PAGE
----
Two Types of Work Permit: Open Work Permit and Employer-Specific Work Permit

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There are 2 types of work permits: open work permits and employer-specific work permits.

Open Work Permits

An open work permit allows you to work for any employer in Canada (except for an employer who is listed as ineligible on the list of employers who have failed to comply with the conditions or who offers striptease, erotic dance, escort services or erotic massages)

You can only get an open work permit in specific situations:

  • are an international student who graduated from a designated learning institution and are eligible for the Post-Graduation Work Permit Program
  • are a student who’s no longer able to meet the costs of your studies (destitute student)
  • have an employer-specific work permit and are being abused or at risk of being abused in relation to your job in Canada
  • applied for permanent residence in Canada
  • are a dependent family member of someone who applied for permanent residence
  • are the spouse or common-law partner of a skilled worker or international student
  • are the spouse or common-law partner of an applicant of the Atlantic Immigration Pilot Program
  • are a refugee, refugee claimant, protected person or their family member
  • are under an unenforceable removal order
  • are a temporary resident permit holder
  • are a young worker participating in special programs

If you are not eligible for an open work permit but would like to work in Canada, you may need an Employer-specific work permit.

Employer-specific Work Permit

An employer-specific work permit allows you to work according to the conditions on your work permit, which include:

  • the name of the employer you can work for
  • how long you can work
  • the location where you can work (if applicable)

How do get an employer-specific work permit?

Employers of some types of temporary workers need to get a Labour Market Impact Assessment (LMIA) before the worker applies for a work permit. An LMIA is a document from Employment and Social Development Canada that gives the employer permission to hire a temporary worker.

A positive LMIA will show that there is a need for a foreign worker to fill the job. It will also show that no Canadian worker or permanent resident is available to do the job.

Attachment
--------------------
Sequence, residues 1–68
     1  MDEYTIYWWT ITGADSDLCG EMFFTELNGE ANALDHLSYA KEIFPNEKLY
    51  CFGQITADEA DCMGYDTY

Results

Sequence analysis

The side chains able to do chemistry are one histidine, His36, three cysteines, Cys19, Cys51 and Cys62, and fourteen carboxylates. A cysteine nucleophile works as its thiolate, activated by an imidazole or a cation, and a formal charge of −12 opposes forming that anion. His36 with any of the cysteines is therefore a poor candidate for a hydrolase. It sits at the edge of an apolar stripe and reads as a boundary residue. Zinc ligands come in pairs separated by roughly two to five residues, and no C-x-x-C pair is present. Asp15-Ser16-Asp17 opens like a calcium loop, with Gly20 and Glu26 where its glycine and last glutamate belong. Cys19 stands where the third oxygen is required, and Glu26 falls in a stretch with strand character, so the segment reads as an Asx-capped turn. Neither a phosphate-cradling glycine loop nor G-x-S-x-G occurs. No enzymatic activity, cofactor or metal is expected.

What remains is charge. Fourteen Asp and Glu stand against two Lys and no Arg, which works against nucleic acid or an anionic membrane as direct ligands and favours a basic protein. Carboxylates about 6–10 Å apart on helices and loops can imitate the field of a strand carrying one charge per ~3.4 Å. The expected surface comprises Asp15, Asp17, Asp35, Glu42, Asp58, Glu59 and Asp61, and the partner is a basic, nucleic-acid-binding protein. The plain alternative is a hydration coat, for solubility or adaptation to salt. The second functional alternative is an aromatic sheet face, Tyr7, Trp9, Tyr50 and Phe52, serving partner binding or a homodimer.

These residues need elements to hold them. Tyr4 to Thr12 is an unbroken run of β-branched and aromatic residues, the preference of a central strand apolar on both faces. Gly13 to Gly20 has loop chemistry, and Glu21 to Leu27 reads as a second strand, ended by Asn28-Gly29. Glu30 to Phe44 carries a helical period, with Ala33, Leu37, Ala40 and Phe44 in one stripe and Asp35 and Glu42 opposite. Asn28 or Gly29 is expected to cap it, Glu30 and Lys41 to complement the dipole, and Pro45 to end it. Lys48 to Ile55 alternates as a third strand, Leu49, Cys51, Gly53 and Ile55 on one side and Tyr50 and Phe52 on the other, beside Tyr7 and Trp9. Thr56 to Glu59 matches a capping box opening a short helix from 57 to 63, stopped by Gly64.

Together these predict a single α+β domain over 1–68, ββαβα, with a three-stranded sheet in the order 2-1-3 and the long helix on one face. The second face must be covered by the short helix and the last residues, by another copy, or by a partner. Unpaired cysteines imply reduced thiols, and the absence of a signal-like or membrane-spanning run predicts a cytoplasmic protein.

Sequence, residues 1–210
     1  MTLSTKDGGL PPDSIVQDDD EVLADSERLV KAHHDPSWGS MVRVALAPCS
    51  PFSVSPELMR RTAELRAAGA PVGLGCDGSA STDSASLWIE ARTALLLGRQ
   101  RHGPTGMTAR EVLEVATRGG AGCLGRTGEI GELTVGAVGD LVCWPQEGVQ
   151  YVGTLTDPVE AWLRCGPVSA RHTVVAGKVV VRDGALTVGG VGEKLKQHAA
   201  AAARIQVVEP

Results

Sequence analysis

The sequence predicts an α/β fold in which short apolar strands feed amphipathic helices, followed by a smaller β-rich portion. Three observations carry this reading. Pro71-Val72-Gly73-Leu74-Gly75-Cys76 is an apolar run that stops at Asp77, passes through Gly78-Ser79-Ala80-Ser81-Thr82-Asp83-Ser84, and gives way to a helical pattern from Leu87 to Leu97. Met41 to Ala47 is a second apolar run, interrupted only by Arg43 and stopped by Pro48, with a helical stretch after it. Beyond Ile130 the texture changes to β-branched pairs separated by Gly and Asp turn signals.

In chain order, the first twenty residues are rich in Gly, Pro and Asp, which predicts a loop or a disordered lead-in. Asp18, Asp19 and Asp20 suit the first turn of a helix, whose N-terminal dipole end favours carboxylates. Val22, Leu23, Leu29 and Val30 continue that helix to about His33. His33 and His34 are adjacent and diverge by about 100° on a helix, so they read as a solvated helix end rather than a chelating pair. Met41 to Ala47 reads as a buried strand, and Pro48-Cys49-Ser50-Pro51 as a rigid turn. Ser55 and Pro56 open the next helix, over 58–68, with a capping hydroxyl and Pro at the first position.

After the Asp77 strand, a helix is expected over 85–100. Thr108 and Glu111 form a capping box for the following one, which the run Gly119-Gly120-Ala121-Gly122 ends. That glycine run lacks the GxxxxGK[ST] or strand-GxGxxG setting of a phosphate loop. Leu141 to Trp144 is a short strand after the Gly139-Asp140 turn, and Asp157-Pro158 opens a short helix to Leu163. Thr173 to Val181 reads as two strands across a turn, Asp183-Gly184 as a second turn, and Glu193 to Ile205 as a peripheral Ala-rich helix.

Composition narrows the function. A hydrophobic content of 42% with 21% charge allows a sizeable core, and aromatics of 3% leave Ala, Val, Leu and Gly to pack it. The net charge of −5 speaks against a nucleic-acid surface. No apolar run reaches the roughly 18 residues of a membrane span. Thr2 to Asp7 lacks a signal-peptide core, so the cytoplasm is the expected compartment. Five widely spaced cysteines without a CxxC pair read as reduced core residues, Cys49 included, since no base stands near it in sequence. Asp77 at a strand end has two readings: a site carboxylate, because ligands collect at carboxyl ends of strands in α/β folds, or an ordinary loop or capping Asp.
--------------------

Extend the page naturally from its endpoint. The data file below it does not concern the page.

Working in Canada on a post-graduation work permit

If you are working in Canada on a post-graduation work permit, and have a valid job offer, your current employer will need to get an LMIA if:

  • you need one to meet the program requirements for the FSWP or the FSTP and
  • your job is not exempt.

If a job is exempt, it means your employer does not need an LMIA to support your job offer. If you are invited under the Canadian Experience Class, you don’t need an LMIA to meet the program requirements.

But, a valid job offer supported by an LMIA can get you more points under the Comprehensive Ranking System. This can improve your chances of being invited to apply. So in that case, your employer may want to get an LMIA, even though you don’t need it to be eligible.

You must complete an Express Entry profile as the first step to immigrate to Canada permanently as a skilled worker.

Source: https://www.canada.ca/en/immigration-refugees-citizenship/services/work-canada/hire-temporary-foreign/find-need-labour-market-impact-assessment.html

https://www.cic.gc.ca/english/helpcentre/answer.asp?qnum=177&top=17

https://www.cic.gc.ca/english/helpcentre/answer.asp?qnum=698&top=29

Disclaimer: The information from the newsletter is directly derived from IRCC. The material and information contained on this website is for informational purposes only and should not be construed as professional advice. Although best efforts have been made to ensure the accuracy of the information at the time of writing, we cannot guarantee the completeness or accuracy of all information. As information may change without notice, always refer to Immigration, Refugees and Citizenship Canada’s website for the most accurate and up-to-date information.

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